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03/30/11 5:09 PM ET

Lincecum plans to recapture his rhythm

Defending champs send esteemed ace to the hill for opener

SAN FRANCISCO -- Tim Lincecum, who almost constantly listens to music when he isn't pitching, is seeking a steady beat this year. A rhythm, if you will.

"Rhythm" happens to be something Lincecum mentions, or is asked about, after almost each appearance. It's his catchword for the consistency and smoothness in his pitching delivery. He has rhythm when he excels and he lacks it when he struggles.

Lincecum would be the first to admit that fluctuations, not rhythm, characterized his 2010 season. He'll get his first opportunity to show that he has found a groove Thursday when the Giants open the season against their chief nemesis, the Los Angeles Dodgers.

Lincecum contributed mightily as the Giants surged to their World Series triumph last year. He went 5-1 with a 1.94 ERA in September and followed that with a 4-1 mark and a 2.43 ERA in the postseason. Lincecum not only won the opener of all three postseason rounds for the Giants, but also worked eight dominant innings in their Game 5 decision over Texas that sealed the Series victory. Those facts don't fit the profile of a pitcher searching for consistency.

Opening Day results: March 31 | April 1
Dodgers 2, Giants 1
WP: Kershaw   LP: Lincecum   SV: Broxton
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However, Lincecum preceded his scintillating September with an atrocious August. The right-hander went 0-5 with a 7.82 ERA that month, prompting him to re-examine his between-starts workout routine. Conditioning himself more efficiently by playing long-toss catch and renewing his emphasis on lower-body strength helped him reverse his fortunes instantly.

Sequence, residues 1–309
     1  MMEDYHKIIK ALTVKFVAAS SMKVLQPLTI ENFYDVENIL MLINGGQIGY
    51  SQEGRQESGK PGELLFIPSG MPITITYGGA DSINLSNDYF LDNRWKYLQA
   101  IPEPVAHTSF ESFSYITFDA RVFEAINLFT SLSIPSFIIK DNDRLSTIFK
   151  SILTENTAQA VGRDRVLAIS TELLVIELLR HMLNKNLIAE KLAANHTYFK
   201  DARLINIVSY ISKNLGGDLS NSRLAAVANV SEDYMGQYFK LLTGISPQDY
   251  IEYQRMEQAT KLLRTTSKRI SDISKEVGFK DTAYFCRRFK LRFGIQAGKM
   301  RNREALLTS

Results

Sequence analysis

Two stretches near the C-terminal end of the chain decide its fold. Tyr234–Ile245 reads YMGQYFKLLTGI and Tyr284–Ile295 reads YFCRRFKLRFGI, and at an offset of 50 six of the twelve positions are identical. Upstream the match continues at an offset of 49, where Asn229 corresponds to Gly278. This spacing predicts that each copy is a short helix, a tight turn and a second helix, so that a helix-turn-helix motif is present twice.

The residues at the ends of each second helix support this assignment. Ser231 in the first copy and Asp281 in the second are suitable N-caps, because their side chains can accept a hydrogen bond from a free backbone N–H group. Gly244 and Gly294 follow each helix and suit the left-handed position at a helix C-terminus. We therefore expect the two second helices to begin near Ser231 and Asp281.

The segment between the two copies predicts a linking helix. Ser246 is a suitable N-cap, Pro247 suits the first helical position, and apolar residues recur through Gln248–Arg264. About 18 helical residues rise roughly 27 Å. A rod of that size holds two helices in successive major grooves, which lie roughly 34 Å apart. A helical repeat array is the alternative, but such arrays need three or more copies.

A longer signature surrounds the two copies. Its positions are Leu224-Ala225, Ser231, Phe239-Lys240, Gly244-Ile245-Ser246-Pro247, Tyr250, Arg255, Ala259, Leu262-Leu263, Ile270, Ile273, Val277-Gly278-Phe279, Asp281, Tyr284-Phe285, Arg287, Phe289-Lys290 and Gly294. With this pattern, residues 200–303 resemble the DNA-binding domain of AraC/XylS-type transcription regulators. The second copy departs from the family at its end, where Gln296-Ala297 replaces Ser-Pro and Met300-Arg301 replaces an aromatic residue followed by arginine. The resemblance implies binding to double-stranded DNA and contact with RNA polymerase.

So Lincecum worked diligently during the offseason and Spring Training with the intent of avoiding repeats of August, which was foreshadowed by a pair of mini-slumps earlier last season.

"Last year was probably the roughest year of my life, as far as going through that tough month, which was the hardest one I ever went through in baseball," he said.

Lincecum still finished 16-10. Though his 3.43 ERA was his highest for a full season, he led the National League in strikeouts for the third consecutive year.

The 26-year-old is convinced that he's ahead of where he was last year at this time, when he was still pitching in Minor League exhibitions at the end of spring to regain command of his pitches.

"I feel physically prepared and I'm healthy, so that's good," he said. "Not having to pitch Minor League games is a plus for me."

Giants manager Bruce Bochy admitted feeling somewhat uncertain about Lincecum's effectiveness entering last year's opener at Houston.

"Sure I was," Bochy said. "I think we all were. I think Timmy might have been, too. Because he was working on some things, trying to get straightened out."

Lincecum proceeded to dispel all concerns by working seven shutout innings, allowing four hits and walking none while striking out seven, as the Giants triumphed, 5-2. That accomplished his objective of erasing the unpleasant memory of the 2009 opener against Milwaukee, when he spent himself by throwing 78 pitches in three innings and surrendered three runs.

Facing the Dodgers on Opening Day doesn't arouse Lincecum's competitiveness any more than usual.

"Obviously, it matters a lot to the fans, and it's a big rivalry between us and [the Dodgers]," he said. "But whether Opening Day is against them or in Houston, it's still Opening Day. You want to do well regardless."

Last year's postseason honed Lincecum's big-game experience, which began when he started the 2009 All-Star Game for the NL at St. Louis. Then, by his own admission, he was exceedingly nervous. Now, his composure is virtually constant.

"Even in the World Series, I was trying to be as normal as possible and just be myself and not worry about the situation, because you can't really control that," Lincecum said. "You don't want it to overwhelm you, which happens to a lot of people. Just try to make that a non-factor and pitch your game."

Chris Haft is a reporter for MLB.com. This story was not subject to the approval of Major League Baseball or its clubs.